The disease is rare and several cited cases deviate from the expected norm, making diagnosis more difficult. Proposed diagnostic criteria:
- Distal predominant muscle weakness and atrophy in forearm and hand
- Involvement of the unilateral upper extremity almost always all the time
- Onset between the ages of 10 to early 20s
- Insidious onset with gradual progression for the first several years, followed by stabilization
- No lower extremity involvement
- No sensory disturbance and tendon reflex abnormalities
- Exclusion of other diseases (e.g., motor neuron disease, multifocal motor neuropathy, brachial plexopathy, spinal cord tumors, syringomyelia, cervical vertebral abnormalities, anterior interosseous, or deep ulnar neuropathy)
A neurological exam can suggest different motor neuron diseases (such as MMA), but to more confidently distinguish MMA from the diseases it mimics, advanced diagnostic tools are called for. These include exam tools such as Magnetic resonance imaging (MRI), and electromyography (EMG) and nerve conduction velocity (NCV) tests. An MRI examination of the neck would typically reveal - for a positive MMA diagnosis—some constriction of the cervical cord and an abnormal forward extension of the neck, ("loss of cervical lordosis"); pressure by the dura on the nerve cord apparently causes the flattening / narrowing. An EMG test reveals loss of the nerve supply, or denervation, in the affected limb without a conduction block (a nerve blockage restricted to a small segment of the nerve).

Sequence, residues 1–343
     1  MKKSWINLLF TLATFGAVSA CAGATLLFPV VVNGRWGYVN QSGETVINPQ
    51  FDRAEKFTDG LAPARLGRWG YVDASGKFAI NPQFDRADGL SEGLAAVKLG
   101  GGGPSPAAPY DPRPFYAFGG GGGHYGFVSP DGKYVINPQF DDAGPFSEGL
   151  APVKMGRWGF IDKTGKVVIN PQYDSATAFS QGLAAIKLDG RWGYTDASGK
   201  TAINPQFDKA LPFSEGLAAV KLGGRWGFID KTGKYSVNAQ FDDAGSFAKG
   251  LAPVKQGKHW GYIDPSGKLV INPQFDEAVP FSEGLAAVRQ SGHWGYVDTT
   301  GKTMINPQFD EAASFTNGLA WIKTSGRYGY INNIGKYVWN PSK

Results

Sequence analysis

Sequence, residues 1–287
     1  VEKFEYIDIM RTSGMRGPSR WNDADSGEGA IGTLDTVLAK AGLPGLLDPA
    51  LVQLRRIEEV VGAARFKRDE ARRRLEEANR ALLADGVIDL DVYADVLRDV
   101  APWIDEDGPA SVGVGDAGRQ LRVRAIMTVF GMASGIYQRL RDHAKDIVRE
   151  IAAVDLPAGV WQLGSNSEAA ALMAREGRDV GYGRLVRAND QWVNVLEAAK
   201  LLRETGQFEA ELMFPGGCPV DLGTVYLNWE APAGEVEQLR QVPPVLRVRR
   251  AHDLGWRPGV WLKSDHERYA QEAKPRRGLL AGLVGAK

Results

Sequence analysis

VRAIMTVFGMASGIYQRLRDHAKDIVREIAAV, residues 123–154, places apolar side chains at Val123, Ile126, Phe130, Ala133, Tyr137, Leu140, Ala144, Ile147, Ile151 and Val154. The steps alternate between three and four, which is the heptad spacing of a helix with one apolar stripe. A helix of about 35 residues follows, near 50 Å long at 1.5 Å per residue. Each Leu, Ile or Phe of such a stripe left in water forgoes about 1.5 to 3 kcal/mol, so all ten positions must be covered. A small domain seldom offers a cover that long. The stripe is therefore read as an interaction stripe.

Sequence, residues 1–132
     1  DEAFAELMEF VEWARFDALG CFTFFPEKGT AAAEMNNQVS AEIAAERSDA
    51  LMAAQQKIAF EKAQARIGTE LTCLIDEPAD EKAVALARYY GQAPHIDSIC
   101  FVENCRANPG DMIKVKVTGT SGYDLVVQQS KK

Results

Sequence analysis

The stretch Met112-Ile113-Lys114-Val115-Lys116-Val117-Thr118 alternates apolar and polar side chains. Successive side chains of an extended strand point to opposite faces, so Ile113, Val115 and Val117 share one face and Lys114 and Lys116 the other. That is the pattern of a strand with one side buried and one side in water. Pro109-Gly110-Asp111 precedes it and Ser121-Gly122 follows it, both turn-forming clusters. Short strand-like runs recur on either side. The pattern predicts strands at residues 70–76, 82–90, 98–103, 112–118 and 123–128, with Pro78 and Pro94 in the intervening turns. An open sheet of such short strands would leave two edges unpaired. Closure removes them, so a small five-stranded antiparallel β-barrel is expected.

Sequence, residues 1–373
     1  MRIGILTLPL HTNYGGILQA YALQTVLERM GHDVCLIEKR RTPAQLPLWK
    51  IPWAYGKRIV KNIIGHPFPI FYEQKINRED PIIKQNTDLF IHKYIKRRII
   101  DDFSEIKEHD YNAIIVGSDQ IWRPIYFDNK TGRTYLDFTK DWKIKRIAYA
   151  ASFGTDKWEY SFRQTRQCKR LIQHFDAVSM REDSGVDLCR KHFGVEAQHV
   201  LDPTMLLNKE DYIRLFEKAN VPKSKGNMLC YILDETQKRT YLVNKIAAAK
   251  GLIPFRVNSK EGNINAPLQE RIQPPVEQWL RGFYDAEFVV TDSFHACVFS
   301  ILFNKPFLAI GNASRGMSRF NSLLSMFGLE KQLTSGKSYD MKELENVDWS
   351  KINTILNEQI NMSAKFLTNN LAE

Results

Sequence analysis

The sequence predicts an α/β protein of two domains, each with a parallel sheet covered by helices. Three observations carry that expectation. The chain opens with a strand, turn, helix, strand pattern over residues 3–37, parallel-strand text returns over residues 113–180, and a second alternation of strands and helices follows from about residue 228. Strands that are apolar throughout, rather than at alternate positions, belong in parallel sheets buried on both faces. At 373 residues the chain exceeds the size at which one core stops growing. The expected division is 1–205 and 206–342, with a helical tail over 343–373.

In early stages of the disease MMA may be confused for amyotrophic lateral sclerosis (ALS), cervical spondylotic amyotrophy (CSA), and other challenging neurological diseases, as well as conditions that are minor but that call for very different treatments, such as advanced carpal tunnel syndrome (CTS). Symptoms somewhat differ. Pain and tingling in the hand is typically present in CTS and absent from MMA; loss of function presents differently; with careful electrophysiological study and neurological exams the two are distinguished. In early stages, ALS, SCA, and MMA, presentation may be similar. Both CSA and ALS ultimately have more extensive symptoms. MMA is more prevalent in young people while ALS and CSA are more common in older populations. With ALS, hand symptoms usually more commonly both proximal and distal vs in MMA mostly distal only, and with ALS fasciculations (twitching) are often present in upper extremities, but rarely in MMA. MMA is usually eliminated from consideration if disability expresses itself in more than one extremity or in lower extremities (legs), but symptomatic absence may not rule out ALS for three to five years after initial onset. Electrophysiological texts and reflex tests tend to yield different results, but interpretation is at times subjective.